Machine Advantages In certain ways. Many high-value production parts are needed in quantities of only 1. this machine’s interface 12— AM Supplement . But he says that the greatest cost savings from additive manufacturing arguably come from reducing or eliminating assembly. Directed also succeeds in additive production of plastic parts. On the shop’s other additive metal machines. On the Renishaw machine. But another advantage of this machine design relates to the force of the blade that passes across the material with every layer of the build process. While this approach is not inexpensive. additive manufacturing often can deliver dramatic cost reduction while it reduces the overall part count. Directed’s Ramirez says the extra clearance in Z already has been important for various parts the company otherwise couldn’t have produced additively. The company expects to serve production needs in metal comparable to those it is already serving in plastic. neither is the labor and potential for error involved in assembling a critical component. A complex subassembly of 10 or more pieces fastened or welded together could be redesigned to be made as a single. manufacturing beneﬁts. The machine’s build size is one aspect of this. without having to make any geometric compromises because of the needs of traditional manufacturing. For example. engine makers can modify components to optimize the ﬂow of fuel or air. There is still room for improvement. The lower force of the ﬂexible blade has allowed Directed to make parts with thinner walls and more delicate forms than it otherwise might. Plus.000 or so per year. the parts’ supports have to be removed through a subsequent machining setup. When assembly-related costs can be avoided.F E AT U R E will be cast or machined. Parts produced additively sometimes are made with temporary supports that are removed when the part is complete. This makes it economical for low volumes. He says the primary area where he expects to see the new machine get better is in the control interface. That detail might seem like a minor change from the harder blades of the shop’s current machines. Hockey says. It can make more delicate supports. too. Unlike competing machines. solid metal piece through additive manufacturing. this blade is ﬂexible. On the Renishaw machine. Ramirez can make these supports slender enough to be broken off by hand. This alignment tool used for knee surgery is tailored to CAT scan measurements of the patient. additive manufacturing requires no tooling or ﬁxturing. but Ramirez says this change expands the range of part designs that can be additively produced. the design of the Renishaw machine extends the reach of these additive DirectedÕs Erling LaSalle prepares an additive metal manufacturing machine for its next build cycle.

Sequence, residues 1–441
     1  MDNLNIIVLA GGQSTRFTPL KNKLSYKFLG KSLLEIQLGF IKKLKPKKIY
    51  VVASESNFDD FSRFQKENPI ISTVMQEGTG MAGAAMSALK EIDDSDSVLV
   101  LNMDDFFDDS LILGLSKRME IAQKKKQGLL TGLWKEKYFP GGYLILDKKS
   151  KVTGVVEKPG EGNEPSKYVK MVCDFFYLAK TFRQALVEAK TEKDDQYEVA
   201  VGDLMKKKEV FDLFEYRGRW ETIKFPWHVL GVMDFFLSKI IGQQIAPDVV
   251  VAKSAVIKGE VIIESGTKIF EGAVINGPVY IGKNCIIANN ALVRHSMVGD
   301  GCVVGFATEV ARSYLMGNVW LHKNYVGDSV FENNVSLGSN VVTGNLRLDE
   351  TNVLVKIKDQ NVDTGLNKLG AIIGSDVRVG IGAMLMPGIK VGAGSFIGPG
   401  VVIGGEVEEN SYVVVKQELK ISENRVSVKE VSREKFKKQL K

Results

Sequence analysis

Stopping the cycle to correct the error and begin again wastes time. the technology is not necessarily rapid. Directed’s examples of parts using this capability are conﬁdential. According to Fima. Meanwhile. For right now. The Renishaw machine’s ﬂexible blade permits delicate part forms to be made.does not make it possible to graphically validate the build cycle on the control screen before the cycle begins. “In metal. New customers are often surprised to learn how long it takes to build such a part. in metal. the same limitations are not so limiting. Occasionally. about prototyping. as well as much faster. Given the limitations of size and speed.” he says. Directed’s plastics machines are much larger. It was built vertically on the Renishaw machine. even this will fall short of the level of potential opportunity the company sees for this method of production. However. the Texas company faces a dilemma. just like this. the operator will spot a simple error in programming only by watching through the machine window as the build cycle starts. the sweet spot for us is producing a part with about the volume of a softball. Size and Speed But temporary shortcomings such as this are acceptable. February 2013 — 13 . though. the main factor limiting these machines in general is not just build size. The company expects additive metal machines to improve in both of these respects as well. in part by learning from Directed’s feedback. That’s why the company expects to add several such machines. Renishaw is working to reﬁne the machine. adding one additive metal machine does not add a large amount of production capacity. either. In additive manufacturing of plastic parts. Additive production manufacturing in metal is so new that all of the machines that do this work are still improving rapidly. expanding its machine count dramatically. Certain limitations are common across most or all of the machines that do this work. including parts with thin walls. he says. This blade enables the machine to build delicate structures. but their slow speed within that size. Directed and other companies are proving that this technology is not just James Hockey shows the replaceable portion of the soft blade. The typical additive manufacturing cycle time for a metal part this size is 18 to 20 hours. but this screw helps make the point. Part of the reason for the customers’ surprise is that additive technology is still often associated with speed. 3D-printing-style technology still carries the label “rapid prototyping”—a term that is doubly questionable.